All the so-called bear die hard fan, you know that I’m going out with someone. Fans are missing for three years, and are now on The Band Wagon as the Cubs won last year, watch out. The team exceeded expectations during the year, tend to come back to Earth in the coming season. I’m not saying this will happen; However, don’t be shocked, if any. When suddenly, so they prefer self injury years ago a major player. What are the chances that he or she has a good first year in the big leagues. In the end, they have some players with career. Everything seems to fall into place. A year later, injury or both appear mysteriously. Two potential buyers or people on the street look to the Haunted star. And suddenly a pitcher or strokes that exceeds that of their career with except that it returns in which the production of all kinds of numbers that are early in their careers. I Predviram that this will happen with the Cubs in 2016. I said, in part because the scenario I described everything; and you return to your computer, loss of their beloved records for at least one year.

senor_mike
Member
senor_mike
3 months 5 days ago

Well if you predviramed it, then it’s certain to come truth.

BigMax
Member
BigMax
3 months 5 days ago

I think this line sums up a long, painful history for the Cubs:

“When suddenly, so they prefer self injury years ago a major player.”

swingofthings
Member
swingofthings
3 months 5 days ago

“Two potential buyers or people on the street look to the Haunted star.”

jhalpin23
Member
Member
jhalpin23
3 months 6 days ago

A lot of what you say is true, the Cubs were pretty fortunate with injuries, some good performances by prospects, slightly over-performing, etc…And certainly the opposite of all those things could happen and that would obviously make the Cubs worse but I think you could actually pick some players to improve this year just as easily.

Jorge Soler was replacement level last year, Addison Russell was great with the glove but one could expect some improvement with the bat. Arrieta was obviously unreal and it would be hard to repeat those numbers but the back end and depth of the rotation should be much better. Add in Zobrist and Heyward on offense and it seems likely they are improved and have a better ability to handle injuries that might be more likely to come along. Any worse case scenario for a team will look pretty grim but the Cubs seem like as safe a bet as any to continue success from last year.

corticofugal
Member
corticofugal
3 months 6 days ago

unclefunkel ennis…goodnight.

jhalpin23
Member
Member
jhalpin23
3 months 5 days ago

I will probably be the only person who understands your comment but I love it!

florida ron
Member
florida ron
3 months 6 days ago

Bandwagon Cubs fans? This is a team that over two years lost 91 games and 101 games and drew almost 6 million fans. The most loyal fan base in sports.
When they play in the World Series it will be the biggest sports event in the last century.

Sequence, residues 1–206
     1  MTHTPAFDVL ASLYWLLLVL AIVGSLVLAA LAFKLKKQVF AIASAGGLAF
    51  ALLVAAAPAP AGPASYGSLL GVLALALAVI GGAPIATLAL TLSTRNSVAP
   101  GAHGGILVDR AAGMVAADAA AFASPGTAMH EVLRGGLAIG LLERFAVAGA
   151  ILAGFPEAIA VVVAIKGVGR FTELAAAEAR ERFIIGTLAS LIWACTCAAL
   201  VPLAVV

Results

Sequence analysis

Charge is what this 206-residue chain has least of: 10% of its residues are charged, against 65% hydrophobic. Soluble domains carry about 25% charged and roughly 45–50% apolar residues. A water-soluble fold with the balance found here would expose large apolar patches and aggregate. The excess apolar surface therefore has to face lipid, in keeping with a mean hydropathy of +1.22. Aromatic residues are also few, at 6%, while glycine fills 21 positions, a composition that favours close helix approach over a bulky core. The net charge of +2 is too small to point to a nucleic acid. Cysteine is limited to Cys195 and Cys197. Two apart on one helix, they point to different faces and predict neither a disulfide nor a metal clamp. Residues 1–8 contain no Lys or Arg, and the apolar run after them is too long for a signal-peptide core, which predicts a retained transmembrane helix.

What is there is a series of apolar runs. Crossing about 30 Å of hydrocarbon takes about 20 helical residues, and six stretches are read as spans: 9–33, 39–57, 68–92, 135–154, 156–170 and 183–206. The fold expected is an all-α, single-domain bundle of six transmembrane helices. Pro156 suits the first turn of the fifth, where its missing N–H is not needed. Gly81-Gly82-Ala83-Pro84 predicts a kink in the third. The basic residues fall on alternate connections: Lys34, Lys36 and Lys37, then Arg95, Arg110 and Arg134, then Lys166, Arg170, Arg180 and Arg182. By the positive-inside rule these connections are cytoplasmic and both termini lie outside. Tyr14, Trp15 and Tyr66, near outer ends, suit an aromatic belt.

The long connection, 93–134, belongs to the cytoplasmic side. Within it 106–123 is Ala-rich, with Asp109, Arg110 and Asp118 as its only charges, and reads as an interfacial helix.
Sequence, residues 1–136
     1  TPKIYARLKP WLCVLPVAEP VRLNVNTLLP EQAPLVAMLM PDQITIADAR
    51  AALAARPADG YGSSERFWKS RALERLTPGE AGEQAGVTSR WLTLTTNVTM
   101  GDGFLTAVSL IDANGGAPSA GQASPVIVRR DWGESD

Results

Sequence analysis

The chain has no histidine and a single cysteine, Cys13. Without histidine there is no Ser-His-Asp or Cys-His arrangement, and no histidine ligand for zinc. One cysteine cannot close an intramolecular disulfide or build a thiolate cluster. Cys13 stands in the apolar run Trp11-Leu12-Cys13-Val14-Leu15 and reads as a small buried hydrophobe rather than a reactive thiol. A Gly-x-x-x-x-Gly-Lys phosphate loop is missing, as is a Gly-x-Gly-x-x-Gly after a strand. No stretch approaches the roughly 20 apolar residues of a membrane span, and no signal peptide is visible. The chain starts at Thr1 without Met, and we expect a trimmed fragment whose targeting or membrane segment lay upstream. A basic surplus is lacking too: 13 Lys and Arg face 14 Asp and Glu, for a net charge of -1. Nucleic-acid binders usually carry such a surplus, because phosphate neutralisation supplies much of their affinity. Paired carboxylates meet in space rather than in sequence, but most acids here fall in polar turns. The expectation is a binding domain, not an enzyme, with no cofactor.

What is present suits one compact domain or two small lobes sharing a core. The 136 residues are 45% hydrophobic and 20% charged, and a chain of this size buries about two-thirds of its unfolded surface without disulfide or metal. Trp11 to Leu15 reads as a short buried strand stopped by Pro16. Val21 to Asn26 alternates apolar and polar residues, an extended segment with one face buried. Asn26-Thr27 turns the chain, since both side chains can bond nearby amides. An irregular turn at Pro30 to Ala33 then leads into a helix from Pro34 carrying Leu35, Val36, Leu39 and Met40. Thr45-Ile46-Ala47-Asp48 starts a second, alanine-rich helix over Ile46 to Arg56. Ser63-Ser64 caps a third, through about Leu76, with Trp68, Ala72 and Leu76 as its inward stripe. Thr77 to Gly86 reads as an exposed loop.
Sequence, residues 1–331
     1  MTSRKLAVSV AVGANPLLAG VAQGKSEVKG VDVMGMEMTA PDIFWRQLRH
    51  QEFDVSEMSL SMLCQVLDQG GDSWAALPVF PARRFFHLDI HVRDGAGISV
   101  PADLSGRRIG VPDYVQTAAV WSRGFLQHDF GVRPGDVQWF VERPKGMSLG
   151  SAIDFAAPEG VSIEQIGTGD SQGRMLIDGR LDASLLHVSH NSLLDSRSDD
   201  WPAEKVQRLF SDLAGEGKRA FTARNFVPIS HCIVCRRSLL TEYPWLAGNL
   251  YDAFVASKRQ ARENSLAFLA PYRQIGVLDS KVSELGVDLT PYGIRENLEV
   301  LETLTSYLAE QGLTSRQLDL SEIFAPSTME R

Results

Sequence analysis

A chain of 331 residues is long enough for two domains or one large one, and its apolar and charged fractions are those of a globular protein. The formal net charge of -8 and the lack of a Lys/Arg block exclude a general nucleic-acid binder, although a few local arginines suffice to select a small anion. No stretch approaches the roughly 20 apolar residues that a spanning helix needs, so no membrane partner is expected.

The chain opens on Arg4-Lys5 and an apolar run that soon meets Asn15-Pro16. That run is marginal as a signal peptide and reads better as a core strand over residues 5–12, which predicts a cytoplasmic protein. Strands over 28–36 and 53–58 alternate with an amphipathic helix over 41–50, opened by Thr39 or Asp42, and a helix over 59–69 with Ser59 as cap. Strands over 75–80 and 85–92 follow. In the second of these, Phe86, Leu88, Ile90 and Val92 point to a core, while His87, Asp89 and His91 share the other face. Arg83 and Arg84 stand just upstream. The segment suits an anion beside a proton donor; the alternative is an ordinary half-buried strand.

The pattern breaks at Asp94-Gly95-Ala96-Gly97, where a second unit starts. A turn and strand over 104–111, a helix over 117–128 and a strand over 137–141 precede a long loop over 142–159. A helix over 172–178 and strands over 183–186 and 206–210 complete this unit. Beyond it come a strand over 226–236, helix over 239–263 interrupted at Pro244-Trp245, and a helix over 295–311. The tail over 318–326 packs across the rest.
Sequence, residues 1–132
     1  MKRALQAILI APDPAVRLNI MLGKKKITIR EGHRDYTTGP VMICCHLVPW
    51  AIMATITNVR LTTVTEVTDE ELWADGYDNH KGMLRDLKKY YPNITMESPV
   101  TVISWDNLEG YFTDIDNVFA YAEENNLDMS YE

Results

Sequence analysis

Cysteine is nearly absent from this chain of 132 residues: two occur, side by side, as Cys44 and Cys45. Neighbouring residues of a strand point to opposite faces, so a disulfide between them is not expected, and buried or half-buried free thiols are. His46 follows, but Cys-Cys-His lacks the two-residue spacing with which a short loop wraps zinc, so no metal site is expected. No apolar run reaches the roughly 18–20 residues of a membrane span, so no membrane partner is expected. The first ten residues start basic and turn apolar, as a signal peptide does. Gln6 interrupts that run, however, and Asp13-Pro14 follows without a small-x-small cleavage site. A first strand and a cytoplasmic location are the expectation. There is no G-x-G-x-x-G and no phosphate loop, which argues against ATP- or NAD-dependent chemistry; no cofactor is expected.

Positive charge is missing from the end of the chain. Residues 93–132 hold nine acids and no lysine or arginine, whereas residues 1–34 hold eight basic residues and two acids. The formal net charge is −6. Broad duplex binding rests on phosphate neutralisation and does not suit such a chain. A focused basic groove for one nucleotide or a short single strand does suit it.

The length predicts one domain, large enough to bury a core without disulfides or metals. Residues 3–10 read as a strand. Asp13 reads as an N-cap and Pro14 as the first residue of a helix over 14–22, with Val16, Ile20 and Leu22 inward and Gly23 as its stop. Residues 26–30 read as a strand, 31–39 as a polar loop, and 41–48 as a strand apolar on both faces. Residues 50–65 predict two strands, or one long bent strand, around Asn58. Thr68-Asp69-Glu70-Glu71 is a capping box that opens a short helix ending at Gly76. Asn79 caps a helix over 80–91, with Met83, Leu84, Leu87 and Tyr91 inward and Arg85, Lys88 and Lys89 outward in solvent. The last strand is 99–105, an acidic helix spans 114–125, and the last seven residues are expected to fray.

walnutfalcons
Member
walnutfalcons
3 months 6 days ago

My problem with the Dodgers analysis:

why is Dave assuming that LA signing Greinke means that they wouldn’t have been able to sign Kazmir, or Anderson, or Matea?

I feel like assuming “okay, we signed Greinke, now our rotation is set” of a team that you just cited as caring deeply about pitching depth is sort of dubious.

Fernando
Member
Fernando
3 months 6 days ago

I don’t think he’s assuming that at all. He’s just stating a fact: the Dodgers pursued Greinke, didn’t get him, and then pivoted to other targets. If they had signed Greinke and then, say, signed Maeda to the same team-friendly deal, their grade might be even higher. But that’s not the way it worked out, so their grade only reflects what happened.

walnutfalcons
Member
walnutfalcons
3 months 6 days ago

The grade just doesn’t really add up for me. Does losing one of the best pitchers in baseball and replacing him with one good pitcher, one solid-but-injury-prone pitcher, and one question mark really equate to one of the best offseasons in baseball? Having to use three pitchers to MAYBE replace the value of one seems less-than-ideal to me, especially for the team with the most money in the game.

Fernando
Member
Fernando
3 months 6 days ago

Well, first of all, it’s not like that’s all they did. As Dave mentions, they got Howie Kendrick to a great deal and added a nice bullpen piece in Blanton. So to just focus on their starters ignores the solid job they did on other parts of the roster.

Now as far as the starting staff goes, they are in pretty good shape, even without Greinke. Steamer sees them as the BEST rotation in all of baseball, but even if you disagree with that it isn’t hard to see how they could be a top-5. Maeda was a stud in Japan and they got him to a ridiculously, laughably good deal. Is he a question mark? Sure, but all the reports have been positive. As for Kazmir and Anderson, while they may be injury-prone, they are still very effective when healthy. And none of that takes into account the absolute ridiculous depth of starters they’ve got behind them. (Zach Lee, for example, is like fourth or fifth on the backup depth chart and yet for most teams he would slot in on day 1 as their No. 4 or 5 pitcher.) So it seems to me the Dodgers have gone for high upside/ high risk pitching, a risk they then mitigated with crazy good depth. Not a bad strategy.